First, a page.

Federal judges blocked orders in Texas, Alabama, and Ohio that sought to include abortion within bans on nonessential surgical procedures during the coronavirus emergency, The Hill reported.
In order to preserve personal protective equipment for potential increases in cases of the coronavirus that causes COVID-19, states have suspended nonessential surgeries. Some hospitals have faced shortages of critical protective equipment such as masks, gloves, and gowns.
Some conservative states have chosen to include abortion in those orders, while some liberal states like New York and Virginia have deemed abortion essential.
On Monday, federal judges sided with the opinion that abortion was essential and that banning it would cause too much potential harm to pregnant women.
"The benefits of a limited potential reduction in the use of some personal protective equipment by abortion providers is outweighed by the harm of eliminating abortion access in the midst of a pandemic that increases the risks of continuing an unwanted pregnancy, as well as the risks of traveling to other states in search of time-sensitive medical care," U.S. District Judge Lee Yeakel wrote in the Texas case.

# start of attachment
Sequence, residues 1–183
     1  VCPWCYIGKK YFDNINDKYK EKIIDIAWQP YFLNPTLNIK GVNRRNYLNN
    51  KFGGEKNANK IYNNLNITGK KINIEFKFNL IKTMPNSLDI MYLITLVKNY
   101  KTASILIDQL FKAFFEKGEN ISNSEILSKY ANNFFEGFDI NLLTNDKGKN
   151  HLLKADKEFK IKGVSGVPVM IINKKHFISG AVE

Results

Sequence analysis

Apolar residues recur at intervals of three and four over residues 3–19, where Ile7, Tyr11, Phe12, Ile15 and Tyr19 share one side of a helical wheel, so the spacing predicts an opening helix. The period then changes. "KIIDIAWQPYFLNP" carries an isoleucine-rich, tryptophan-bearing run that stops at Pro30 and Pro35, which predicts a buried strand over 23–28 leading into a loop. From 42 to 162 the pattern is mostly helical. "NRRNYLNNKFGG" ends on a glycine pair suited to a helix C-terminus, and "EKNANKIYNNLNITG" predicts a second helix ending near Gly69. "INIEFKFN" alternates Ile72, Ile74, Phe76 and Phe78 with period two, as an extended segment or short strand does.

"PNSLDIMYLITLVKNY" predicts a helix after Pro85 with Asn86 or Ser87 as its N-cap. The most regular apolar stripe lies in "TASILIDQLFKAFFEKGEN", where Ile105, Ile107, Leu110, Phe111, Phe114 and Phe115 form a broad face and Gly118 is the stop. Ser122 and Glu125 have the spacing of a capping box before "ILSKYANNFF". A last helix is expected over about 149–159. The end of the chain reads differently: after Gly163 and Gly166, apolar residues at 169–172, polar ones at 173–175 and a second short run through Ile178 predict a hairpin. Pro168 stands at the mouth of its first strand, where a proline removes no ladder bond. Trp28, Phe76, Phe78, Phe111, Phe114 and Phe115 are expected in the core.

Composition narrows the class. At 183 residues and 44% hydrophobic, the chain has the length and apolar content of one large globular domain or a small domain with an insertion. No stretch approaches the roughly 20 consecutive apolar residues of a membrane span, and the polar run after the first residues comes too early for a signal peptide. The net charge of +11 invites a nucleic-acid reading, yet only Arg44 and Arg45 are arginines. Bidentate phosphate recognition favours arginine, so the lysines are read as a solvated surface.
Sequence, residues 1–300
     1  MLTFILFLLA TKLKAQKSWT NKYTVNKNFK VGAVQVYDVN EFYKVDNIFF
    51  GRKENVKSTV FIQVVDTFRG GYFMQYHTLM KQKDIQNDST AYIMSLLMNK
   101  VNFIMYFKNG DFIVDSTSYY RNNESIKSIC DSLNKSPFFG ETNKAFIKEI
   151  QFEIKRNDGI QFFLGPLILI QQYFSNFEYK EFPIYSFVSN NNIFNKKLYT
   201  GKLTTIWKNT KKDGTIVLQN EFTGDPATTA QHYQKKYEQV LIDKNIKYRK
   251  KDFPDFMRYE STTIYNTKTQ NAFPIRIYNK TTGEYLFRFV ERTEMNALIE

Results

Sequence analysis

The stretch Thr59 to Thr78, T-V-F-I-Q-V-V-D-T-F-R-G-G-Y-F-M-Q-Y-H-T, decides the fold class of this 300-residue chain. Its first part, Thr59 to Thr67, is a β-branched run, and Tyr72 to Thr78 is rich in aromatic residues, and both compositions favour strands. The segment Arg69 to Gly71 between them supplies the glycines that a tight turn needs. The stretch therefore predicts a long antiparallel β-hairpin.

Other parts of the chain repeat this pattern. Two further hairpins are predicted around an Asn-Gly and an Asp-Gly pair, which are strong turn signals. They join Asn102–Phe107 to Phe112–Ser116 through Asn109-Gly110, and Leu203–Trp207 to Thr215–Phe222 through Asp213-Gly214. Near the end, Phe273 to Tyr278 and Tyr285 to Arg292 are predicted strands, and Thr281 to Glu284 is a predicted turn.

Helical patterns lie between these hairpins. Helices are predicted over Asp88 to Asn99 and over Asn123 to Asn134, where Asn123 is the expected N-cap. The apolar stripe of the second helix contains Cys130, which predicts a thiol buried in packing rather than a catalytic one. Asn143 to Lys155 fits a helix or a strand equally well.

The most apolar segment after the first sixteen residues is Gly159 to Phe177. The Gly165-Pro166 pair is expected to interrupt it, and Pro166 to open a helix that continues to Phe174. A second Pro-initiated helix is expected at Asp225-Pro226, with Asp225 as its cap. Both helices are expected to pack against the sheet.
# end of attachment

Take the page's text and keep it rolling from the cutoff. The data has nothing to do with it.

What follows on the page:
Yeakel issued a temporary restraining order and wrote that the inclusion of abortion in the nonessential surgery bans violated the Supreme Court's ruling in Roe v. Wade, which established the right to a pre-viability abortion.
Planned Parenthood and other pro-abortion groups sued Texas, Ohio, Alabama, Iowa, and Oklahoma over the inclusion of abortion in their bans.
"Abortion is essential healthcare, and it's a time-sensitive service, especially during a public health crisis," Amy Hagstrom Miller, president and CEO of Whole Woman's Health, said, The Hill reported. "Many people are already financially insecure and futures are uncertain. We applaud today's ruling, which will allow us to do what we do best, provide safe and compassionate abortion care to those who need it."